Devas hits back at detractors

Embattled satellite music firm Devas Multimedia today came out strongly against allegations of misappropriation of spectrum levelled by some media outlets.

In media briefings in the capital, Devas’ founder and president, Ramachandran Viswanathan blamed corporate rivals and other vested interests for the controversy. He also denied that his firm had got a ‘sweetheart’ deal from ISRO.

“We are paying more than $300 million over the 12 years for 70 MHz — the expected life of the satellites. On a per year basis, we will be paying $25 million per year or $12.5 million per year for a single transponder of 35 MHz. This is ten times the rate at which satellite spectrum is sold by Antrix to other players,” he said.

Indeed, if the numbers are correct, they are a significant premium to current satellite lease rates. Viswanathan, an old hand at satellite systems, said the premium is being paid considering that the new satellites will be of very high power and new technology.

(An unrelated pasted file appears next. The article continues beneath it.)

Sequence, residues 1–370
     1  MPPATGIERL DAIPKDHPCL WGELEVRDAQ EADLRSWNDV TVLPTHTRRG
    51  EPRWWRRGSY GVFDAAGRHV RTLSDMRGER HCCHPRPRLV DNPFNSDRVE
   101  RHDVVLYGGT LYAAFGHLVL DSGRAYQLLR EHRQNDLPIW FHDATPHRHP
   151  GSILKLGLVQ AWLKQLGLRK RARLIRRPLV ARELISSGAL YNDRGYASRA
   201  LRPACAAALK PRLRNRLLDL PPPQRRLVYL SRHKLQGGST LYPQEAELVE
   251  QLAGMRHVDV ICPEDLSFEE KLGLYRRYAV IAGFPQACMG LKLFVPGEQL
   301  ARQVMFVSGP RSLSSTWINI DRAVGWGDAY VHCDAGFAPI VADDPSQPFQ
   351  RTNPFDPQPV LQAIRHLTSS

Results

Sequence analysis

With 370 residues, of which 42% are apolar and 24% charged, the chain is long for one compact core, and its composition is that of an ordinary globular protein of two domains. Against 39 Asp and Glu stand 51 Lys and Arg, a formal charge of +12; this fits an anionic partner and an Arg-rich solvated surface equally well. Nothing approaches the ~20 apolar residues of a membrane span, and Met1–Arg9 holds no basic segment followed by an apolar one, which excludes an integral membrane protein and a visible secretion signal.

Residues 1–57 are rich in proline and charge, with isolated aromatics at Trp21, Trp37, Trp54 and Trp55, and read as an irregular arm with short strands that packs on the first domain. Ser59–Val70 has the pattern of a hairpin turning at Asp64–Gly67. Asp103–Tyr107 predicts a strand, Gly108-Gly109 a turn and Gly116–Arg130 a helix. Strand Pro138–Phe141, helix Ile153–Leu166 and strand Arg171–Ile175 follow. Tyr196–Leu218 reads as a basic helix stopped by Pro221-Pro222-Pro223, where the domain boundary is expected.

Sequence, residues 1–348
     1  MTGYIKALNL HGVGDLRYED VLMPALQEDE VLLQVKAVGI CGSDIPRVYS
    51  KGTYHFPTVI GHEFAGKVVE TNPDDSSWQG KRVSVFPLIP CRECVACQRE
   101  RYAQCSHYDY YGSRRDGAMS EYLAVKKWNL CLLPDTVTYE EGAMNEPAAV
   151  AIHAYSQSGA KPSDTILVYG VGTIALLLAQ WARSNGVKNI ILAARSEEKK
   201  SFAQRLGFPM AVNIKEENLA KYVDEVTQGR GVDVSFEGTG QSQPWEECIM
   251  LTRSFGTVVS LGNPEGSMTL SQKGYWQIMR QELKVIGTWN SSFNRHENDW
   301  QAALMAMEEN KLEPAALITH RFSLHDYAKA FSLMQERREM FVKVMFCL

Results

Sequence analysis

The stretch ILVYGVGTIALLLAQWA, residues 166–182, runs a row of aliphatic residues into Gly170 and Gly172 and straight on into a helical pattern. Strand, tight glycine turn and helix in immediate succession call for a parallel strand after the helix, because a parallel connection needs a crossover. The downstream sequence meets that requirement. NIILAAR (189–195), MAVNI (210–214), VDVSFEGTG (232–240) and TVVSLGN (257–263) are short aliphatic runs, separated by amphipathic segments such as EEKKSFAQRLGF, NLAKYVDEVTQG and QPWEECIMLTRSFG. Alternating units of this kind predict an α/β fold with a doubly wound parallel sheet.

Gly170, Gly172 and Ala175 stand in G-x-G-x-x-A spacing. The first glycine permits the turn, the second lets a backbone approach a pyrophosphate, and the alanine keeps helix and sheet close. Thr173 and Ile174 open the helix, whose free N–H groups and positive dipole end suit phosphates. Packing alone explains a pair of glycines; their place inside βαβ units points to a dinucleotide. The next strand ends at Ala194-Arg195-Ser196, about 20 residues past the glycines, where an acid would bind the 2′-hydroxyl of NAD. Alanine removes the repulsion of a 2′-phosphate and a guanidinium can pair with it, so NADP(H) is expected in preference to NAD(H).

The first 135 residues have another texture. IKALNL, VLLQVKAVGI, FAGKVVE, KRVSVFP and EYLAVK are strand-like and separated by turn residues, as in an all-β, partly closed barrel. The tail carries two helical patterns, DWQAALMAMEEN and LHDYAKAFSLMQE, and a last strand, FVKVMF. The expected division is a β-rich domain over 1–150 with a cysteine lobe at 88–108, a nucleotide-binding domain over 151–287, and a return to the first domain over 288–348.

He suspected rivalry between mobile and satellite industry for the entire controversy, pointing out that some operators were keen to keep the spectrum out of Devas’ hands. He said the firm has invested $170 in building radio reception sets for its planned music service and has been waiting for the satellite for two years.

Full interview:

It is alleged that you got the spectrum allotted on the sly by your chairman Chandrasekhar when he was with ISRO..

The current chairman of the company, MG Chandrasekhar was not with the company in 2003-2005, when we negotiated and inked the agreement with ISRO.
Mr Chandrasekhar joined in 2006, a year and a half after the agreement was signed with ISRO.

Why did you hire him?